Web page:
Second, would such an alliance be necessary given the plethora of existing multilateral partnerships in the region? While there is a broad multilateral landscape in the Indo-Pacific, there is currently no agreement that combines both the wide reach and deep obligations of a hypothetical Pacific NATO. However, the Quad and RIMPAC do bring together many of the key Indo-Pacific powers and serve as an important foundation for U.S.-oriented multilateral regional security.

Third, how could such an alliance be structured? This report examines three options: expanding NATO’s mandate beyond Europe, building on its Enhanced Opportunity Partner (EOP) program, and creating a new alliance system. It also uses the case of Montenegro’s NATO accession to generate a broad set of criteria for future membership.

And fourth, how would Indo-Pacific nations, including China, respond to such an alliance? This would be exceedingly difficult. China has significant economic leverage over even our closest allies, like Australia and Japan.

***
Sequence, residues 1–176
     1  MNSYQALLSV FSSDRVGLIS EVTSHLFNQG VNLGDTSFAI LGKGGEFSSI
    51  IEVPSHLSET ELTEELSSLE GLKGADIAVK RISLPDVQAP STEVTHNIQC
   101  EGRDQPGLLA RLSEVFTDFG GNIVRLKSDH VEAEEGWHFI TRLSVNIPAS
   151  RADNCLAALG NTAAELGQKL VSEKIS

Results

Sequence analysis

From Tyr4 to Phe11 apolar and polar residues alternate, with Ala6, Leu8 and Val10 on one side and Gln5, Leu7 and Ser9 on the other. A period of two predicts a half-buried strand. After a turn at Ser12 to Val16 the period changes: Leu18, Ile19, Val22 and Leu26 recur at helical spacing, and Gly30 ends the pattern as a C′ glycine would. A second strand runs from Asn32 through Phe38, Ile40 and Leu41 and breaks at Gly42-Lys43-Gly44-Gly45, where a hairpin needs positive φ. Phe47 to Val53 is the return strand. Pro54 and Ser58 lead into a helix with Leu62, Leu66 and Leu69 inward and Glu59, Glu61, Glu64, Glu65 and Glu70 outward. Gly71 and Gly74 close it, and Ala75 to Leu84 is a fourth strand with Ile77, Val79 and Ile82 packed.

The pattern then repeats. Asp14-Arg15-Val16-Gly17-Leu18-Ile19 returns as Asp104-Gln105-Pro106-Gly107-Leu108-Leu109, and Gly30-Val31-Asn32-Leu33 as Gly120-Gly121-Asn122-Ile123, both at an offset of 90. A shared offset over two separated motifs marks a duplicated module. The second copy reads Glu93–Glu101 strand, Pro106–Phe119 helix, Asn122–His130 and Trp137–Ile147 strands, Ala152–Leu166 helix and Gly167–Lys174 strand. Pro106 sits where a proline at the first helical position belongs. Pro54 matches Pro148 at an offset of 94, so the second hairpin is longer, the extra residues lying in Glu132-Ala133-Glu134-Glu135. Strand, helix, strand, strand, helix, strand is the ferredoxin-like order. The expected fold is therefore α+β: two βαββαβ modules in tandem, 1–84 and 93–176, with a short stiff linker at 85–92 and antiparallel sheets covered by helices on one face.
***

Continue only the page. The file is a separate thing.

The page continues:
Intractable internal disputes abound, particularly between South Korea and Japan and four nations—Malaysia, the Philippines, Taiwan, and Vietnam—with competing claims in the South China Sea. Two of the United States’ most important partners in the region, India and Singapore, have a longstanding aversion to exactly this type of alliance system. And for newer partners, like Malaysia and Indonesia, the value proposition is even less clear. The Chinese are likely to respond to any attempts at a multilateral military alliance in its backyard with a whole-of-government effort to stop it. If that alliance includes Taiwan, it could result in even more aggressive action.